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Scott Dixon’s pit crew wins Pit Stop Challenge

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Action on Carb Day concluded in the afternoon with the annual Pit Stop Challenge, and it was Scott Dixon’s No. 9 PNC Bank Honda team for Chip Ganassi Racing that took home top honors.

The No. 9 team defeated James Hinchcliffe’s No. 5 Arrow Electronics Honda team for Schmidt Peterson Motorsports in the final round to claim the $50,000 prize, doing so in a best-of-three championship round that saw them win the first and third legs.

Blair Julian, the chief mechanic on Dixon’s car, revealed that the team wasn’t exactly feeling any extra pressure in the final round.

“I think every pit stop is about the same amount of pressure,” said Julian. “Obviously the last one is sort of ramped up a little bit. I think we’ve all been doing it enough time we can do it. Try to make it clean and get out.”

Dixon also highlighted the importance of the competition and how it spotlights the rest of the team, and gives them a well-deserved moment in the sun.

“It’s a big deal to show just how much of a team sport this is,” Dixon asserted. “It’s never just one single person. It’s many trying to achieve the same objective. Some days I’m able to make a couple passes on track, but most of the time these guys are able to make it a lot easier for me and the team by gaining places in these pit stops.”

Dixon will now luck to become the first driver since Helio Castroneves in 2009 to win the Indianapolis 500 after his team won the Pit Stop Challenge.

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Keating stripped of Le Mans GTE-Am win; No. 68 Ganassi entry also disqualified

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FIA stewards announced Monday that two Ford GT entries have been disqualified from this year’s 24 Hours of Le Mans, including the GTE-Am class-winning No. 85 entry from privateer Keating Motorsports.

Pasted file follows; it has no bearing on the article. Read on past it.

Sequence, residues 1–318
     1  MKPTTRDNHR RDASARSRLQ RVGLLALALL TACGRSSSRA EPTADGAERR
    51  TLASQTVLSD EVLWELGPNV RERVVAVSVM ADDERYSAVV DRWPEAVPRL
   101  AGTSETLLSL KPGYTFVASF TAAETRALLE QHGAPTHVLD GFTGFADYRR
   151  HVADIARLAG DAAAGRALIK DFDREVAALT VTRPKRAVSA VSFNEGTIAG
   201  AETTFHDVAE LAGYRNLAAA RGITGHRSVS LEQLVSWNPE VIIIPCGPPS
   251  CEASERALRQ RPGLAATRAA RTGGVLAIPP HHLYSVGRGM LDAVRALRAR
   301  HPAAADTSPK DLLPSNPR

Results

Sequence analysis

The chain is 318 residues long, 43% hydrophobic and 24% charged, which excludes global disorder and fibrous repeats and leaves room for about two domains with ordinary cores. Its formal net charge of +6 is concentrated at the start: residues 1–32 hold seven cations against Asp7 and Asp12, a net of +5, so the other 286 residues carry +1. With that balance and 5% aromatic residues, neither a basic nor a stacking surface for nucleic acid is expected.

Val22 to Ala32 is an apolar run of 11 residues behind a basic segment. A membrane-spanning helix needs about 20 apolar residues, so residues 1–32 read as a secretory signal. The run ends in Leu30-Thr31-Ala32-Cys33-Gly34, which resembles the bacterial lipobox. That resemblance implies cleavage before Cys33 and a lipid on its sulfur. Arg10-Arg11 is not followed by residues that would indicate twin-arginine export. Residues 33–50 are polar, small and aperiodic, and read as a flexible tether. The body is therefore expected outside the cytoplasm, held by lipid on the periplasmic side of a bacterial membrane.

Also DQ’d was the factory No. 68 Chip Ganassi Racing entry of Joey Hand, Dirk Mueller and Sebastien Bourdais, which initially finished fourth in the GTE-Pro class.

Both entries were found in violation of fuel capacity regulations, with the No. 85 entry also failing to meet the minimum refueling time during pit stops.

The refueling system on the No. 85 entry, driven by Ben Keating, Jeroen Bleekemolen and Felipe Fraga, measured a time of 44.4 seconds during a stop, just shy of the minimum required time of 45 seconds.

As a result, the team was initially issued a 55.2-second post-race penalty by officials, which elevated the No. 56 Team Project 1 Porsche 911 RSR of Joerg Bergmeister, Patrick Lindsey, and Egidio Perfetti to the class win.

The time penalty was calculated by the difference in the refueling time (0.6 seconds) multiplied by the amount of pit stops made by the team (23), then multiplied by four.

The No. 85 entry was set to finish second in class, but then received an outright DQ after its fuel capacity was also revealed to be 0.1 liters above the maximum permitted capacity of 96 liters.

As for Ganassi’s No. 68 entry, it was found to have a fuel capacity of 97.83 liters, which is above the maximum allowed capacity of 97 liters for the GTE-Pro Fords.

The No. 67 Ford of Andy Priaulx, Harry Tincknell, and Jonathan Bomarito subsequently moves up to fourth, and the No. 69 Ford of Scott Dixon, Ryan Briscoe and Richard Westbrook moves up to fifth.

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